Another impact of DeFi on the market is around volatility and this is closely linked to the price movements of cryptocurrencies which are traditionally more volatile than fiat currencies. A good example of this interrelationship is the recent collapse of the stable coin TerraUSD. TerraUSD was pegged to US$ and widely viewed as a relatively low risk investment in an otherwise volatile market. Its collapse has impacted DeFi in a variety of ways from withdrawn investment to a more bearish outline so it is worth remembering that while DeFi offers exciting new opportunities and potential to do things differently, the decentralised finance landscape is not yet operating seamlessly and can still present significant risk as an investment. Investors will be keeping a close eye on the price of Ethereum and newcomer Gnox – particularly with an upcoming ETH update which could upgrade functionality across the Ether blockchain. This is likely to be released in Q3 or Q4 this year and aims to remove the high gas fees associated with ETH mining.

Is DeFi safe?

Source: voiceofcrypto.online

Investing in DeFi projects is the same as assessing any potential investment, investors should be aware of both the potential benefits as well as the risks. Prices can both rise and fall based on a number of macro and market factors and volatility within the crypto market can significantly impact the DeFi space. As mentioned earlier, the TerraUSD collapse is a good example of some of the inherent risk in the DeFi space, through demand remains high primarily because of the future potential uses of DeFi.

The addition of potentially passive income through staking is one key advantage in DeFi though investors must do deep dive analysis and research to understand more about both the project, dApp and rules and returns around staking before investing funds or coins. Regulation is another key concern around the DeFi space, the advantage of regulation in centralised banks is that bodies like the Treasury has strong rules in place to govern the use and safety of investments. As DeFi is still in its embryonic phase of growth there are occasionally bad actors who may look to take advantage of poor investment strategy. The phrase “getting rugged” is unfortunately part of the crypto landscape and refers to exit scams. This is when liquidity pools are created in bad faith and a scammer pulls the investment in a project before it comes to fruition.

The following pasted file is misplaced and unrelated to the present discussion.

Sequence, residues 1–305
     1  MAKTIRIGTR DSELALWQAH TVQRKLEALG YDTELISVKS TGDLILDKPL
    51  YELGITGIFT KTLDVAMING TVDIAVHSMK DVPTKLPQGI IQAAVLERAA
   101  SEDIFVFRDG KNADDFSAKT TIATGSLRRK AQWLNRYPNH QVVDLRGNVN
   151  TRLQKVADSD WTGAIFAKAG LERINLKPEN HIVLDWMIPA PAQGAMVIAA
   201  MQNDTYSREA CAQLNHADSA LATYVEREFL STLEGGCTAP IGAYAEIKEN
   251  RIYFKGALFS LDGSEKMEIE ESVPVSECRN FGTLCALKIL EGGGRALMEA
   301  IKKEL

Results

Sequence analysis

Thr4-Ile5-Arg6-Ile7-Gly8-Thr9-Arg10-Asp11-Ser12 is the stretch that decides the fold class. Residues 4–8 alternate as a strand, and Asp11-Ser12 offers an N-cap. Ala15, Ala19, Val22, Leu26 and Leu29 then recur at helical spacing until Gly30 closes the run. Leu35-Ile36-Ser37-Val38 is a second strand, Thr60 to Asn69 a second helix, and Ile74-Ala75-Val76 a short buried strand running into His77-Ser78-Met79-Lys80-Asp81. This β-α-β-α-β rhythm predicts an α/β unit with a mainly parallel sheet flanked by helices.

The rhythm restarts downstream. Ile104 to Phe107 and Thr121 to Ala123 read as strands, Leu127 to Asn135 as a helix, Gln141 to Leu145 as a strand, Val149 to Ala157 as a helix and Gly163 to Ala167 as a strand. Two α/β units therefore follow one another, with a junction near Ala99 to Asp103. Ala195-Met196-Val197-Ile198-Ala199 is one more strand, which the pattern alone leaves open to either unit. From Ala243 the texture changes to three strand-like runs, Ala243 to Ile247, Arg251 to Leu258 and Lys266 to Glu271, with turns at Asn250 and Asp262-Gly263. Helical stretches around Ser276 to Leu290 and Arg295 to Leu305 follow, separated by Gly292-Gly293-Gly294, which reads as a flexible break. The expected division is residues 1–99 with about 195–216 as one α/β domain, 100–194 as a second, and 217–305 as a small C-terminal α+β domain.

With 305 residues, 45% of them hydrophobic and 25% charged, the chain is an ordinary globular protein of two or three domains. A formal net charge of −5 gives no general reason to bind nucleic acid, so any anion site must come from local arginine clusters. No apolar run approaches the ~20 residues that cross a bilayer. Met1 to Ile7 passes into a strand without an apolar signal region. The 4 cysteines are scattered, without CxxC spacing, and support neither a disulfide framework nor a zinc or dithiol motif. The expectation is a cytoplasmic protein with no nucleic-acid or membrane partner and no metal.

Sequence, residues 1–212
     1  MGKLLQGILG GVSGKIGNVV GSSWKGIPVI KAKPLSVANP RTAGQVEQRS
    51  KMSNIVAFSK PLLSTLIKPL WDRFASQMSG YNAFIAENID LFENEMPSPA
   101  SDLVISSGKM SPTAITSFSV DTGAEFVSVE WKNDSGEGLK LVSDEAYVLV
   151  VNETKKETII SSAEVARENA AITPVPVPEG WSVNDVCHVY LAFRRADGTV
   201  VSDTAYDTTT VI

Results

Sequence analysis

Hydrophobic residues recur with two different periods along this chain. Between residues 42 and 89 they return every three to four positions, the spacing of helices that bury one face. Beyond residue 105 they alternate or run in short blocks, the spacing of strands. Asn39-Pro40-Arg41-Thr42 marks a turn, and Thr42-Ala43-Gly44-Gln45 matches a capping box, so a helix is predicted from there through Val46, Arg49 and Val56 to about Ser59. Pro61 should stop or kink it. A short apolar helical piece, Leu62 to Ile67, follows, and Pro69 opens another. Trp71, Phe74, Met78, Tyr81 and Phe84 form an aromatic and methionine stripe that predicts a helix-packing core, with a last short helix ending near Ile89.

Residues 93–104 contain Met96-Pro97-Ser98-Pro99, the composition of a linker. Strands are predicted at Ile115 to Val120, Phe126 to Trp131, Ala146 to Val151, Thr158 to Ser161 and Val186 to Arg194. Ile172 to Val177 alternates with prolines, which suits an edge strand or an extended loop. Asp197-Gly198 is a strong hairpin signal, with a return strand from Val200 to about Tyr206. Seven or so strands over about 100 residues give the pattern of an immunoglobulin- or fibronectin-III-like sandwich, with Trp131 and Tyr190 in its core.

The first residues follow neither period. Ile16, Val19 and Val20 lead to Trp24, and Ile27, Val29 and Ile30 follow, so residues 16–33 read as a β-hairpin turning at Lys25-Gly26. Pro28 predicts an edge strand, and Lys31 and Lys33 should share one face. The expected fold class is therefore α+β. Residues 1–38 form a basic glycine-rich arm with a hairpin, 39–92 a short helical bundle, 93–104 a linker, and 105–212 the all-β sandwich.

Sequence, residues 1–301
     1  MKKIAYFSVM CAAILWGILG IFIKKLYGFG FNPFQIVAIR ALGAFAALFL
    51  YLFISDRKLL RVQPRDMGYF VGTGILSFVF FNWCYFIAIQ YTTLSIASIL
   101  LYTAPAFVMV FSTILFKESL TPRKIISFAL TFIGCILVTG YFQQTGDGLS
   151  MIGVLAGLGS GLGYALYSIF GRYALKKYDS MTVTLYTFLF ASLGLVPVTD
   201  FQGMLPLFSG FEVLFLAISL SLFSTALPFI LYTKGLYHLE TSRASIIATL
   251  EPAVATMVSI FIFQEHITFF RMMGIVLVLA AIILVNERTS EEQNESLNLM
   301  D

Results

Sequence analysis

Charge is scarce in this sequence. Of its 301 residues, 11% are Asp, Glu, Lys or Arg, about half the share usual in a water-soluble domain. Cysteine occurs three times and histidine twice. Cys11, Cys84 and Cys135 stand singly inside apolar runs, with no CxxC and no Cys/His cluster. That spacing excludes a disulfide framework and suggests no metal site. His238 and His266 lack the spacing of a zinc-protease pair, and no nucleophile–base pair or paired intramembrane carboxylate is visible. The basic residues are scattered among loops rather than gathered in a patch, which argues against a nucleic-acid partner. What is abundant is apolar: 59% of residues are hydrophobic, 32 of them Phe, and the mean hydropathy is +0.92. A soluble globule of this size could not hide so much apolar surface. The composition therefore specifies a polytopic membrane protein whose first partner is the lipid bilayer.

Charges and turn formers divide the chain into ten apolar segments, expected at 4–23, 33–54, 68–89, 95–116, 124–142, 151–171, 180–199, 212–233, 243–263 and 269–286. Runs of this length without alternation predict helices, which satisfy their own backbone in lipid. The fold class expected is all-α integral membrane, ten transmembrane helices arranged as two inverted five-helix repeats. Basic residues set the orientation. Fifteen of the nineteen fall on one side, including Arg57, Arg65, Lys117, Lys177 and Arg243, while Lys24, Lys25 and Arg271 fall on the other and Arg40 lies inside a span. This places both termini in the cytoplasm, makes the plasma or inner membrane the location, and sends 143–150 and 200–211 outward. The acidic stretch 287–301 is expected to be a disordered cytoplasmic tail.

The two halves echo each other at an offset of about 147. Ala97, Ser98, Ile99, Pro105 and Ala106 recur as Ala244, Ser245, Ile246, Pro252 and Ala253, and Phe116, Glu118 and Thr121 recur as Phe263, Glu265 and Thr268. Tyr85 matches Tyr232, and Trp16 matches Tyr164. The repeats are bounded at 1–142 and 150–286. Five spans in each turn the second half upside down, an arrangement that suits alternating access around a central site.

Again, research and a deep market understanding are key before investing real money. Account hacking is another concern, even for investors who use digital wallets, and while cold storage can help prevent some of this, remembering passwords and phrases and maintaining good security practice is key.

Investors should only invest with trusted, well-established platforms and in dApps and projects that show significant potential. Understanding the process behind how funds are used, how interest is earned and where the funds will ultimately be used is critical to ensuring a safer, more reliable trading experience. Many platforms, and cryptocurrency sites, have a significant amount of information available online and this is almost always the best place to start research.

Is DeFi a good investment?

Source: coindesk.com

The DeFi sector has grown exponentially over the past few years and was worth up to $13 billion in 2020. According to Eightcap, while the market is currently undergoing a correction, there is still plenty of opportunity within the space for investors. Some of these opportunities include:

  • DeFi Staking: A way to earn passive income by “staking” coins or funds which are locked up as investment for new projects or initiatives. Investors receive interest based on the amount of crypto staked for new protocols.
  • DeFi Yield Farming: Investors can provide liquidity by using their crypto assets on a decentralised exchange to enable order execution from token swappers. These investors are known as Yield Farmers and earn a percentage of income based on volume.
  • DeFi Derivatives: Investors and traders can speculate on market movement within different crypto markets with a CFD broker like Eightcap. This enables traders to profit from both rising and falling markets. Like with any investment there are risks associated with CFD trading and because positions are opened on margin profits and losses can be magnified.
  • DeFi lending: Investors can also lend their coins or crypto to other users via a peer-to-peer network and earn interest on the assets loaned.

Example of DeFi coins?

Source: currency.com

The DeFi landscape has a number of well-known coins and as capabilities increase and adoption grows we can expect to see many more DeFi coins on the market., Some of the most popular coins right now include:

Dai (DAI):

The unique stable coin is pegged to the USD runs on the Ethereum (ETH) network, attempting to maintain a value of $1.00 USD for increased stability.

Wrapped Bitcoin (WBTC):

A tokenised version of Bitcoin, Wrapped Bitcoin runs on the ETH blockchain and is ERC-20 compliant. The coin’s value lies in its ability to “wrap” BTC to fit ERC-20 functions and enable more advanced, use cases.

Avalanche (AVAX):

A smart contract platform for dApps, AVAX enabled fast, cheap and environmentally friendly applications to flourish. With its Avalanche consensus protocol it allows transactions to be confirmed in less than a second and can handle over 4,500 transactions every second.

Uniswap UNI:

UNI is a decentralised trading protocol for automated DeFi token trading designed to make it simple to exchange Ethereum ERC-20 tokens. Tokens are traded, swapped or exchanged via liquidity pools defined by smart contracts.